Wasabi is likely the most well known accouterment for sushi, and traditional sushi is often made with the wasabi mixed with the rice and fish as part of your sushi roll (you can order sushi sabi nuki, which means without wasabi). Wasabi can help with respiratory disorders, clear sinus passages, promotes healthy digestion and has anti-inflammatory properties. The purpose of serving wasabi with sushi is two fold: it can help mask any smells from the fish and help bring out more intense flavor notes from the fish and vegetables.

Gari is the final common accouterment for sushi. This pickled ginger garnish is commonly known to help nausea, but lesser known health benefits of ginger include reducing muscle pain and anti-inflammatory properties. While Gari is often served with the sushi, it should never be consumed with sushi, but rather when you are done eating sushi to help you cleanse your palate.

Now that you know the intricacies of selecting the perfect sushi for you and how to use any accouterments that accompany your sushi dish, you need to learn what beverages are perfectly paired with your newfound favorite sushi dishes.

While many people follow the old rule of pairing white wines with fish (which is a great rule), Chef Allen suggests that you try pairing your sushi with a sake or shochu. Sake is a rice wine made by fermenting rice that has gone through a polishing process to remove any bran from the rice. Sake is best paired with makisushi, hosomaki or temaki where the flavors are all enveloped in one flavor experience and sake offers an earthy balance to your sushi dish.  Shochu is Japanese liquor that can be made from a variety of base ingredients such as Imo (Japanese sweet potato), barley, rice, buckwheat or sugar cane. Shochu is most highly recommended when eating sashimi as you want to experience the full flavor of the raw fish and any accompanying vegetables and shochu offers a softer palate with minimal flavors to enjoy the entire sashimi experience.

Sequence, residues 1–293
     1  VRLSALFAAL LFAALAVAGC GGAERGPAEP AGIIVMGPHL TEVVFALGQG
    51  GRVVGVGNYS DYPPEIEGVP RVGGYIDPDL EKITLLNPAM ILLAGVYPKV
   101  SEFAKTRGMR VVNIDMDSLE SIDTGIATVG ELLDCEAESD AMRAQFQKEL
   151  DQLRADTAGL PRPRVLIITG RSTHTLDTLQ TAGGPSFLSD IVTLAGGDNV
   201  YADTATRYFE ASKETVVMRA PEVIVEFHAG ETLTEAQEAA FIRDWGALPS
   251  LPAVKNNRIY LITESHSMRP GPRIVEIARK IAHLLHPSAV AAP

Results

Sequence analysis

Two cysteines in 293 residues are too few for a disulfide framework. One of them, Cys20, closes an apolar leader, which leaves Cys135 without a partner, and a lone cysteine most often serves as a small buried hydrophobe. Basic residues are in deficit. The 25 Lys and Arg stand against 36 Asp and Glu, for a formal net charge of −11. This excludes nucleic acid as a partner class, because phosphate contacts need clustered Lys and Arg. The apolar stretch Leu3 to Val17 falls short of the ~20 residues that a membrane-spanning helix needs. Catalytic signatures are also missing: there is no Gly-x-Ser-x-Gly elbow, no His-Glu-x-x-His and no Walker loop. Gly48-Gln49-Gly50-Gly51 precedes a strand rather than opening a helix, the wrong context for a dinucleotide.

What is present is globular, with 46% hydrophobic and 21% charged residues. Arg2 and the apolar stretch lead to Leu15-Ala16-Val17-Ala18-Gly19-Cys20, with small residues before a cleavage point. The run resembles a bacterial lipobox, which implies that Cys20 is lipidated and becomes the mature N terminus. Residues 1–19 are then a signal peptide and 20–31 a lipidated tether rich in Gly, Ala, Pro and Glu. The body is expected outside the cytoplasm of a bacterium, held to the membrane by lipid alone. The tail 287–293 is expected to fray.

Sushi comes in a variety of forms, includes a variety of ingredients, pairs well with several Japanese drinks and is a wonderful, flavorful journey with numerous health benefits. Whether you are a new-to-sushi diner or a well-versed sushi diner, there are plenty of reasons to partake in this ancient Japanese delicacy.

 

Your Guide to the Etiquette of Eating Sushi:

  • Clean your hands before eating sushi (many sushi restaurants offer warm towels to wipe your hands)
  • Sushi is meant to be eaten in one go, so don’t slice it or take bites.
  • Sushi should be eaten so that the fish touches your tongue first.
  • Never dip your sushi roll into your soy sauce. Instead, use pickled ginger to dab a minimal amount of soy sauce onto your roll.
  • Never mix wasabi and soy sauce together to make a dipping sauce (Japanese cuisine discourages mixing)
  • Eat in a gradient pattern of starting with the lightest colored sushi and ending with the darkest colored sushi (the lightest colors will be the most mild in flavor and the darkest colors will be the most flavorful)
  • Eat pickled ginger when changing from one type of sushi to another to cleanse your palate.
  • Sushi is meant to be eaten with your hands (this is the traditional and ‘proper’ way to eat sushi), although it can be eaten with chopsticks.
  • If using chopsticks, place the tips on the ceramic holder in between eating and resting. Place them across the soy saucer when you are finished eating.
  • When paying and tipping, never hand money to the chef, only the waiter.

 

Meet Chef Allen

What is your favorite food to cook and eat?
My favorite thing to cook (and eat) are smoked ribs, or any slow cooked meats. The depth of flavor and that melt-in-your-mouth greatness that you get from slow cooking is just so satisfying. The slow process is also enjoyable considering the high pace environment I work in. Don’t get me wrong, I love making sushi—it’s my craft and the fact that I get paid to do it makes it all the better—but to sit back and sip on your favorite bourbon while that sweet smell of smoked meat is in the air… there’s nothing better.

What is your favorite food memory? 
When Hiro, Ray, and Song (the owners of Dragonfly) took me on a research and development trip to Las Vegas, we ate at the great Charlie Trotters restaurant. The meal was prepared in part by Dragonfly Gainesville Alumnus Hiroo Nagahara and had a glorious 15-course meal all paired with wines, bourbon’s, and saké. It was all izakaya portions (tapas-sized) but everything packed so much flavor and creativity. It was the single greatest dining experience of my life.

What is your favorite kitchen equipment or gadget?
Other than my chef knives, I’m going to have to go with the Vitamix blender—so many great sauces have come from that amazing gadget.